Friday, December 7, 2007

Green Homebuyer Intel Plus Dan Green Interview On Subprime

So this week I've spent time at the annual summit of Build It Green, one of the pacesetting west coast organizations dedicated to greening the residential sector. BIG's market impact is significant -- it is expected that forthcoming state legislation establishing minimum green standards for single family housing will be based in part upon BIG's GreenPoint Rated guidelines. Marketing Reality Check: Do you know who and where your green homeowners are and why they buy? I follow BIG's work because their standards also cover greening multifamily properties, a key area of my business. One highlight of the summit was a great presentation of key findings from a McGraw Hill Construction's Green Homeowner SmartMarket Report, putting out current intel on how homeowner attitudes about green housing are changing. Last week, I posted about pursuing demographic plays when possible in 2008. Green Journey readers are getting a couple of the more provocative nuggets here, since a) green residential is predicted to be a $60 billion market by 2010 -- possibly a good opportunistic play by some of my fund friends -- and b) this type of info should give some early insights to us commercial property professionals who need to understand LOHAS/green demographic lifestyle trends for retail, hotel and multifamily properties.

Intel #1: 71% of all green homeowners are women. Most are married and highly educated.
The study doesn't elaborate on why women green homeowners outnumber men two to one, although I thought I heard some snickering in the audience when that particular slide came up. Note also that word of mouth is the preferred method of how people get their information to buy green homes -- from direct personal recommendations by other green homeowners. Not from TV and official advertising overtures of homebuilders. Though it wasn't directly stated in the study, you can also infer pretty clearly who is missing the green wave so far: the poor, ethnic minorities and lesser educated. They do not exist in this report.
Intel #2: Texas and Florida lead in green home production.
You should have heard the San Francisco crowd gasp when they heard that one! And here's where the cynic in me can't be restrained: largely oversupplied (and now soft) markets always tend to display the highest levels of production. In another section of the report, it states that housing starts in the south in 2008 and 2009 will be their lowest ever. I think you can safely tie those two statements together when interpreting the regional data. By the way, other leading regions are: Washington, Colorado, Nevada (Ouch! California didn't even make the top five).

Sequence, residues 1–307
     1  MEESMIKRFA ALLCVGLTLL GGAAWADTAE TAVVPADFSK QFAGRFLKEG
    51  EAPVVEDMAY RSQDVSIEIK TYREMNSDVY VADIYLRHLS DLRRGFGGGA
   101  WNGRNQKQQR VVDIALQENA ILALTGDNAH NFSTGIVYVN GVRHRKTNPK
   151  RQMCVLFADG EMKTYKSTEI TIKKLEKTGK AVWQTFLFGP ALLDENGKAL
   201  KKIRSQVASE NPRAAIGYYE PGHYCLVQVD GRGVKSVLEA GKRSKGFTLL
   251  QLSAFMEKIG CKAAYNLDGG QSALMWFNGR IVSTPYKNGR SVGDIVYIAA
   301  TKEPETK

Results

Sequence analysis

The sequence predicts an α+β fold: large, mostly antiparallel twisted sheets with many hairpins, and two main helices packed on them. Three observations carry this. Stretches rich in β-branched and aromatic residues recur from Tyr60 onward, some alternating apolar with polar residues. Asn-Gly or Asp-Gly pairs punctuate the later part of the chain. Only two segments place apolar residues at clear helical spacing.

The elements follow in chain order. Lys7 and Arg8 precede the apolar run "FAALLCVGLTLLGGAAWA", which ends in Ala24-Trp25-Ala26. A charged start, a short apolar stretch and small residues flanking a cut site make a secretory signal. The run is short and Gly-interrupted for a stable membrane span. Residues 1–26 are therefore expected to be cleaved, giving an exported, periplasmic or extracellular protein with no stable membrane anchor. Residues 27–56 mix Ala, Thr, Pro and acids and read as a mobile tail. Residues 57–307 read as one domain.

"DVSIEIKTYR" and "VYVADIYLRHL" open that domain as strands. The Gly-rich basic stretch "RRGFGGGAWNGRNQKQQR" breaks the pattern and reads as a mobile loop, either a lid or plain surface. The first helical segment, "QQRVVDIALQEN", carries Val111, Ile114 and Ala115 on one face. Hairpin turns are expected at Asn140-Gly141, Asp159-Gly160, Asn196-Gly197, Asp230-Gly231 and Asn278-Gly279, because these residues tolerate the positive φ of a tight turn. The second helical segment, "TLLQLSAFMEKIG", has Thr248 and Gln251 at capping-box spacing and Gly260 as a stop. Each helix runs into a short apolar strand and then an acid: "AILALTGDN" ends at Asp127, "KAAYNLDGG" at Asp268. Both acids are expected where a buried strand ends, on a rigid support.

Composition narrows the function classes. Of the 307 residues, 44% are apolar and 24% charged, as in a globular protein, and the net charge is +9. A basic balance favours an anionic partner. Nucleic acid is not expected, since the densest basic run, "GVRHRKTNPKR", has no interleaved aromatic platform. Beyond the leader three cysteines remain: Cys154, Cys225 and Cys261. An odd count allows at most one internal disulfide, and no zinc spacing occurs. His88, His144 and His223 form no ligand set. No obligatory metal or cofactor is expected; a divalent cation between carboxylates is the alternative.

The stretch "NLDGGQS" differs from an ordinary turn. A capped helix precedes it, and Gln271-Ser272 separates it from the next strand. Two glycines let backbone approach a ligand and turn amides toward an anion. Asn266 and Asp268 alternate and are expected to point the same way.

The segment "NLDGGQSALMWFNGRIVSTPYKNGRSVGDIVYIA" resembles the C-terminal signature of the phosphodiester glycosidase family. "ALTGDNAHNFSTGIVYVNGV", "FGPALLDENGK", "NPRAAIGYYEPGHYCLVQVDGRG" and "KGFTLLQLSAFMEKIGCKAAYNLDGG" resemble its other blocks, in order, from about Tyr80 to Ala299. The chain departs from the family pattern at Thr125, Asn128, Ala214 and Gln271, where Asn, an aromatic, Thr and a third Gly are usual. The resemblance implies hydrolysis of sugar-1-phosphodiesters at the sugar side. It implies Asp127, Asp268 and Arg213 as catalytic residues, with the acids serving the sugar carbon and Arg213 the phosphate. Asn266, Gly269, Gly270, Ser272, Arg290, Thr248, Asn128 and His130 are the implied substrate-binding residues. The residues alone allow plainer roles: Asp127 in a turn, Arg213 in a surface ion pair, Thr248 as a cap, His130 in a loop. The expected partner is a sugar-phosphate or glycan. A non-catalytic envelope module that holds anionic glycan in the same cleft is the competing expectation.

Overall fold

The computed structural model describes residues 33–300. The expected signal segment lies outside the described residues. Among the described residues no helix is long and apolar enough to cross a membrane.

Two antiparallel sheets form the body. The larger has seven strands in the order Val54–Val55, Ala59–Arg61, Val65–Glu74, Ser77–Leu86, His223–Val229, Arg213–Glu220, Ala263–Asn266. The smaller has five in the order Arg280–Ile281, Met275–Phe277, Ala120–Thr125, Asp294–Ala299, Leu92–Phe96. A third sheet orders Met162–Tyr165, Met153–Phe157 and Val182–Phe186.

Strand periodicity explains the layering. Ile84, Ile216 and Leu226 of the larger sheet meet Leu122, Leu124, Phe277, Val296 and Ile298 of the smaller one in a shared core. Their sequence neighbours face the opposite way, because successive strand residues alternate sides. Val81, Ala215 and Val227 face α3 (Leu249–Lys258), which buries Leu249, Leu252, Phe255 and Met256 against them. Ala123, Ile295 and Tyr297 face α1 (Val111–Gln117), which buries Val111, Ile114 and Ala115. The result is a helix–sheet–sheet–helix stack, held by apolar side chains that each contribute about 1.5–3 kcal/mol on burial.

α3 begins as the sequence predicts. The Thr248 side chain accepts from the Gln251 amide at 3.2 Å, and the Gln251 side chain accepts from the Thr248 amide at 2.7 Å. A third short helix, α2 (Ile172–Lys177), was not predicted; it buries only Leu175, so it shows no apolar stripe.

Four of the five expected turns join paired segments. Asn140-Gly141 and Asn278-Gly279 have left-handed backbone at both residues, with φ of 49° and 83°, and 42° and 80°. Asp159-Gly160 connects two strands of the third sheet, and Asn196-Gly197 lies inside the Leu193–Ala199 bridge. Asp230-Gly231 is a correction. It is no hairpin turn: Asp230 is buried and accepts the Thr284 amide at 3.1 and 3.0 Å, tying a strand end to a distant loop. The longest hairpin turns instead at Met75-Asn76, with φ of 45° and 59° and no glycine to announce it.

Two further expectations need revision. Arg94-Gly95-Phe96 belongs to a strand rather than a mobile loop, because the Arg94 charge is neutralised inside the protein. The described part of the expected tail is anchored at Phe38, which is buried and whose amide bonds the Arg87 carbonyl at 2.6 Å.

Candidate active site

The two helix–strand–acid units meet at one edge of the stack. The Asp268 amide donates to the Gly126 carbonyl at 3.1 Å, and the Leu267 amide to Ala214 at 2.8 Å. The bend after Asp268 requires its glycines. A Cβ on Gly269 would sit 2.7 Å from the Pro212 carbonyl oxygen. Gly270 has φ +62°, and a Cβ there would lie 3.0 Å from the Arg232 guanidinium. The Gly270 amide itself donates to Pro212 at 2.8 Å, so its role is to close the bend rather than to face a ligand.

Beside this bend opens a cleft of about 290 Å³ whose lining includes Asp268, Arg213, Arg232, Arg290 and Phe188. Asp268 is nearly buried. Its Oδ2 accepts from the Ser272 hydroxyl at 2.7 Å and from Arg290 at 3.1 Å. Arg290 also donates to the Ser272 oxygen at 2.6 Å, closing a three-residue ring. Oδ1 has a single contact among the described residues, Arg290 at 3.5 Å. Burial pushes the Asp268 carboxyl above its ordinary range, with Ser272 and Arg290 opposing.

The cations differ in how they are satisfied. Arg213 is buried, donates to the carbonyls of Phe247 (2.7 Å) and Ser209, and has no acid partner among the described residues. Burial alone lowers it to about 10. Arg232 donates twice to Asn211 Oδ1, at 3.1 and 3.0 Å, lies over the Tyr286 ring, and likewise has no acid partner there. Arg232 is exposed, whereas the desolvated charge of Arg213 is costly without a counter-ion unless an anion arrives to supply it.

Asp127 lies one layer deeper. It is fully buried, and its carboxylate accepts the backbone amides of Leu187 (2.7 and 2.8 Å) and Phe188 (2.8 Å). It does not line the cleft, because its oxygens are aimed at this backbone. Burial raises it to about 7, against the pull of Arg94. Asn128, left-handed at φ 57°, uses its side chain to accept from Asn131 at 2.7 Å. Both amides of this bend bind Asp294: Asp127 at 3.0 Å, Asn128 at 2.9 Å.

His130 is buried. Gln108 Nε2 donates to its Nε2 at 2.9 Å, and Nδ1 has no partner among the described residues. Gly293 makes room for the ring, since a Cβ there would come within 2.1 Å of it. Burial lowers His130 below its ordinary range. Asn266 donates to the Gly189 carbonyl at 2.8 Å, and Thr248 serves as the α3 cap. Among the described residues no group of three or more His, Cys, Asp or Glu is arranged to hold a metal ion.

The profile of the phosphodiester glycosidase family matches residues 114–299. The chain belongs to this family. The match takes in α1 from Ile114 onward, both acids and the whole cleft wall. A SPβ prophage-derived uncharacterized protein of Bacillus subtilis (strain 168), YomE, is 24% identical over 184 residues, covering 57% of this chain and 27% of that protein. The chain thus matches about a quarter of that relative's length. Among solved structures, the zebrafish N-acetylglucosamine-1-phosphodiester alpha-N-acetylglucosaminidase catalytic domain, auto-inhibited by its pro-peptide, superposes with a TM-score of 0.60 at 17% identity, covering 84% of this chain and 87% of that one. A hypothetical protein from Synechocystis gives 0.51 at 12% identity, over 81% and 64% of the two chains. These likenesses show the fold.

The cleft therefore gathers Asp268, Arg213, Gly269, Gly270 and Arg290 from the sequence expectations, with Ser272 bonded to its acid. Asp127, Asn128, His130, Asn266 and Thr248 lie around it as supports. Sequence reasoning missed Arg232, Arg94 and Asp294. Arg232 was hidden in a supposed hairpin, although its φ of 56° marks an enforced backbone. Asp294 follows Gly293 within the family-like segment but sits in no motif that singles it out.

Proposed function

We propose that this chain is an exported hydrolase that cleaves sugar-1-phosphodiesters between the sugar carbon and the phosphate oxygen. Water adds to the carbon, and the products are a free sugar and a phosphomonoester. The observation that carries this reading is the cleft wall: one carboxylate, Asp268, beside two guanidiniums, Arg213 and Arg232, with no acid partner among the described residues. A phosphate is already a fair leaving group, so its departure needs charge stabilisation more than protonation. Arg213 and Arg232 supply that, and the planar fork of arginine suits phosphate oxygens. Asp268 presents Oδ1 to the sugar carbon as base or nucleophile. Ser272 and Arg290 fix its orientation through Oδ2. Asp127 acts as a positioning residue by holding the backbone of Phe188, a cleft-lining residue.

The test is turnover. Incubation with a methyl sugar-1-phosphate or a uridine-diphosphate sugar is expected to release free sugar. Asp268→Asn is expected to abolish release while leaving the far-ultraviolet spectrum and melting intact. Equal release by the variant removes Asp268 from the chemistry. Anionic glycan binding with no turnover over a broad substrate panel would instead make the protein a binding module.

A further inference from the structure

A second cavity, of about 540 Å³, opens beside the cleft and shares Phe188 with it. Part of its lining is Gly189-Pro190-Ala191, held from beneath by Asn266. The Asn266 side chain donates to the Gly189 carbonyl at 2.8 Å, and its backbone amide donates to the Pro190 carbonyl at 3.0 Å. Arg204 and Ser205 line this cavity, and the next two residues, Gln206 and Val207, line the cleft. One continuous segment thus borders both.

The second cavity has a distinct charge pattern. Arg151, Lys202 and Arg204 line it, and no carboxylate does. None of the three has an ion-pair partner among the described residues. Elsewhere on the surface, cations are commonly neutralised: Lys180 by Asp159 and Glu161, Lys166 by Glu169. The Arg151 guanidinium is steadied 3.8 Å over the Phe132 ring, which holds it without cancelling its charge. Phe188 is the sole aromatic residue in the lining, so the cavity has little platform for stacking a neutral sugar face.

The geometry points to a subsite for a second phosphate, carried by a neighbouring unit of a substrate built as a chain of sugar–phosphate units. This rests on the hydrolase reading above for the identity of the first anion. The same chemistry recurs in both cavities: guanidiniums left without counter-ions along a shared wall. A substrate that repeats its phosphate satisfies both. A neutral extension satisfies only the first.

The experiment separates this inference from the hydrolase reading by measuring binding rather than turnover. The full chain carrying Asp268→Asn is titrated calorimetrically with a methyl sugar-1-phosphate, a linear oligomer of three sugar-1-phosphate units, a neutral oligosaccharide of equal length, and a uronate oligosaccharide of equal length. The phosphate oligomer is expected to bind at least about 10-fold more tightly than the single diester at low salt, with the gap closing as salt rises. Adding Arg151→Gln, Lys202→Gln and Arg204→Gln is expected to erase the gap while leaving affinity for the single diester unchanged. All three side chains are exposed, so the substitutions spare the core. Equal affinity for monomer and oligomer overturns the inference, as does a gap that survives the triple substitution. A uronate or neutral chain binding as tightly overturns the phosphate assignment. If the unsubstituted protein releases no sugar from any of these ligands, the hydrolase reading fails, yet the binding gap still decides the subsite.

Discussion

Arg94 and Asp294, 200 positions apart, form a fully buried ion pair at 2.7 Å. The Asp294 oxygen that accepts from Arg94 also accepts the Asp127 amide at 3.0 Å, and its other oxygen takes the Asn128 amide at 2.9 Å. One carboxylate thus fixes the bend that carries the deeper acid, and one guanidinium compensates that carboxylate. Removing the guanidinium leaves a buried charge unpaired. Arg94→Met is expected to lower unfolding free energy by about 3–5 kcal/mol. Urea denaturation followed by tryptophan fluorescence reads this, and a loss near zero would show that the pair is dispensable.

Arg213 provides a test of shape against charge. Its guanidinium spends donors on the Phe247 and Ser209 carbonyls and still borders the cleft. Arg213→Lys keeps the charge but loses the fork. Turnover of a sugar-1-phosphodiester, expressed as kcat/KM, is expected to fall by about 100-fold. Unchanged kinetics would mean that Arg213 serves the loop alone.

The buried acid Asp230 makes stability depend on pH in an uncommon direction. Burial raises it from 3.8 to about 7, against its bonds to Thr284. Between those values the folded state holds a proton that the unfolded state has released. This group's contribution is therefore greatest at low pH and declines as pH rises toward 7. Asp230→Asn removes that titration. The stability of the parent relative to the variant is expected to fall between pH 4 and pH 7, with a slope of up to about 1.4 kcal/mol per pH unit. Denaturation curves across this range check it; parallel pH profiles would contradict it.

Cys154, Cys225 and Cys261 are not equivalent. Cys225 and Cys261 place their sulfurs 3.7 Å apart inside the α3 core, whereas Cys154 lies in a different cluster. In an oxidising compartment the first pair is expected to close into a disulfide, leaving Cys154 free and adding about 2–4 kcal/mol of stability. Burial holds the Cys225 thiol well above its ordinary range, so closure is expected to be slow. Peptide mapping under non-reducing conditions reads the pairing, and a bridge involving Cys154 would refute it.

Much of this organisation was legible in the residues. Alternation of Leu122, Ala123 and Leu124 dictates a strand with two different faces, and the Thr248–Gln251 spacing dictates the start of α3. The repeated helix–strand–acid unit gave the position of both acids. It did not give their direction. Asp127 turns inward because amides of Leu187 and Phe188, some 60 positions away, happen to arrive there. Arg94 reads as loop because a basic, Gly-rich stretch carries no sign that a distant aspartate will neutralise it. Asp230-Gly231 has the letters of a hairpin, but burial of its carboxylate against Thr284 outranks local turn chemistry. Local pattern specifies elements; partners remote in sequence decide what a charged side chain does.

Intel #3: Reduced energy costs are a key motivator for buying a green home.
Green home features can cut energy bills by half. Rising energy and interest costs are starting to become apparent to homeowners and energy cost savings are the unique selling proposition of green homes, equal in importance to the green consumer's ethical concerns. Want more intel? Click the McGraw Hill link above to get the whole study (note: get out your credit card; $$$). State of Residential Real Estate Markets: Interview with Dan Green If you care about interest rates and think that the housing market performance could have some effect on commercial real estate (like I do), then you should get to know Dan Green. He's a residential mortgage planner and a pretty astute reader of the capital markets. He blogs regularly about these topics at TheMortgageReports.com. Since the whole subprime debacle has been unfolding, he's been debunking what he calls misleading information about mortgage rates and subprime being bandied about in the media. Take a look at his recent interview at the National Association of Realtors convention, where he talks about subprime lending and where he thinks the residential market is going in 2008. If you have an opinion about whether its good for subprime borrowers to get assistance from the government or think that the housing market could make life tough for commercial real estate, listen to Dan's perspective as you think it through.

10 comments:

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